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CFM Vermont Castings Dutchwest Everburn Non-Cat Owners Discussion and Review Thread!

Post in 'The Hearth Room - Wood Stoves and Fireplaces' started by tradergordo, Nov 3, 2006.

  1. tradergordo

    tradergordo Minister of Fire

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    Just to clarify, the owner's manual is linked to in the very first post in this thread. The manual has gone though several revisions since I bought mine 2 years ago. However when I used software to compare the differences, they were all very minor (for example they changed all references to CFM to "MHSC" and they updated the parts diagram to show the new refractory cover part #48).

    Either way I don't know of any manufacturers in any industry that send new manuals out to existing customers when they are updated. However in this modern day, I would think that if a customer registers online, it would be a trivial matter for a company to send out additional information, updates, etc. to customers that want it. This would cost them very little and go a long way to build customer loyalty. I don't understand why so few companies "get it". But I digress.

    Anyway, follow the link to the manual, and look at page 25 (which has the cleaning description) and page 26 which has a picture of it. But don't expect a lot, this is the description:
    "Inspect for and remove ash build-up behind the combustion
    package. This should be done in conjunction
    with annual cleaning of the chimney connector since
    this inspection is most conveniently done through the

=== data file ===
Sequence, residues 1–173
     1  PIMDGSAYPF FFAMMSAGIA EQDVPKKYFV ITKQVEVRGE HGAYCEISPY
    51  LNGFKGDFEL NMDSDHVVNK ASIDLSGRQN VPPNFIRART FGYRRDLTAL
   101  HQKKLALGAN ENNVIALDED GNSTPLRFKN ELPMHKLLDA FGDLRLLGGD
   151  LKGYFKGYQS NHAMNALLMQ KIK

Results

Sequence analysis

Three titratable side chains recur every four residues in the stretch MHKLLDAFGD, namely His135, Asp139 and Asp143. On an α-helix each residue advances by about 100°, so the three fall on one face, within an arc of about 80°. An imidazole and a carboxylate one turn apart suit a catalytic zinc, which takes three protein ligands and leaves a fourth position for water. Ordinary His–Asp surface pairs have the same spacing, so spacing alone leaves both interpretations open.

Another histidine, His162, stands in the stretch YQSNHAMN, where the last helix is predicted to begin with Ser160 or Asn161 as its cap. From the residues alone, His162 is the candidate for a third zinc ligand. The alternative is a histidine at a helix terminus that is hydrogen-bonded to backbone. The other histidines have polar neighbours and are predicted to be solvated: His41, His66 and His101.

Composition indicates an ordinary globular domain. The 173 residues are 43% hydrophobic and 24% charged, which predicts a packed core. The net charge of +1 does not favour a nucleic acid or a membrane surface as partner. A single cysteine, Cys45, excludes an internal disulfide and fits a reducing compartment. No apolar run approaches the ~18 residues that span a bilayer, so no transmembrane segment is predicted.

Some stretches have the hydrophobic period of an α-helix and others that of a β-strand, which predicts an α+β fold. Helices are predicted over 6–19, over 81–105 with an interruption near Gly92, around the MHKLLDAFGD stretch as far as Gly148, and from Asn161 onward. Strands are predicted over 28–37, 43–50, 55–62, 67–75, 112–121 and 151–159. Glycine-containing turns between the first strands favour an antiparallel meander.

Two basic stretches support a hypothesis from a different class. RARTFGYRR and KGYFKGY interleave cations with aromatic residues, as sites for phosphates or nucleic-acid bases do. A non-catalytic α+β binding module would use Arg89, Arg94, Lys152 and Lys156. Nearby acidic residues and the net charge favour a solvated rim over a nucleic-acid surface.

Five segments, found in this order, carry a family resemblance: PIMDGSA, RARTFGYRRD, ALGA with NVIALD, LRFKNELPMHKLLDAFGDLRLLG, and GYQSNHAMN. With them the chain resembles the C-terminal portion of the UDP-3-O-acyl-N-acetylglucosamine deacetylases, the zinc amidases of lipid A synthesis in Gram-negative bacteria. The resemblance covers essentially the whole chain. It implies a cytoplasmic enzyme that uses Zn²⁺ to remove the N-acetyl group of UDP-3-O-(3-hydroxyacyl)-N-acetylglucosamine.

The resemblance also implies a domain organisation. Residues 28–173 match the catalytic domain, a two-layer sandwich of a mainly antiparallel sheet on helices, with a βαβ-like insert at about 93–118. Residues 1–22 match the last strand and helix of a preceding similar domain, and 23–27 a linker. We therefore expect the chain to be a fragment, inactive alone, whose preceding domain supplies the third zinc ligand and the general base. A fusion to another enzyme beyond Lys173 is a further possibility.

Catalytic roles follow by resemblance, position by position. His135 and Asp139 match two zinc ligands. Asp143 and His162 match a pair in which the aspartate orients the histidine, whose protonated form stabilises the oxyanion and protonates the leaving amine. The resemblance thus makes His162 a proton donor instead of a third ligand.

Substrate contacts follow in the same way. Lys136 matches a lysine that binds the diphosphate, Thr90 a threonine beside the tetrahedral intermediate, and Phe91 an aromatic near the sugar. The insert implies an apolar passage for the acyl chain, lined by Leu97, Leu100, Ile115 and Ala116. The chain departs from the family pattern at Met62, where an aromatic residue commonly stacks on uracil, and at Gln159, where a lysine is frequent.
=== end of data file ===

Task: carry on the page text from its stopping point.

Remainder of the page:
flue collar opening. Inspect the passages to either
    side of the combustion package (a mirror will be
    helpful) and vacuum away ash using a flexible vacuum
    hose inserted into each passage. Care should be
    taken not to damage the white fibrous material in this
    rear chamber. (Fig. 34)"


    I can understand how even a professional sweep might not realize how delicate this stuff is. And I doubt they go read an owners manual before cleaning every new stove (although they should).

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  2. Diabel

    Diabel Minister of Fire

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    Hi Trader,

    This is off topic (sorry). Would you be able to post a link to your videos from last season. I did search them here & found them but the link doesn't seem to work for me. These are the everburn process vid.

    I remember watching them last year (great btw) & I do not recall seeing the "lazy flame stage" I suppose I could call it that.

    The reason being:

    I just replaced few of the gaskets on my stove as well as I played around with the ash pan hinge i.e. tried to re align it a bit. Since in the upper hinge corner I noticed some black stuff by the gasket (possible leak). Well, now I think I might have made it worse. I had a nice burn going last night (regular process)...the burn got to the stage of lazy dancing flames...before coaling, but the flames were (i think) too lively.

    They're calling for a cool night again here, I will try to video this for comments...see how it turns out.

    Thanks
  3. tradergordo

    tradergordo Minister of Fire

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  4. dtabor

    dtabor New Member

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    Tradergordo, thats the one part of the process thats making me put it off is having to remove that pipe and get in there with the vaccuum. 1. Im dreading trying to get that part of the stovepipe back lined up and 2. dont want to damage anything inside. I have a shop vac and the hose isnt that heavy/bulky so Im thinking that gently feeding that down on either side I should be ok.......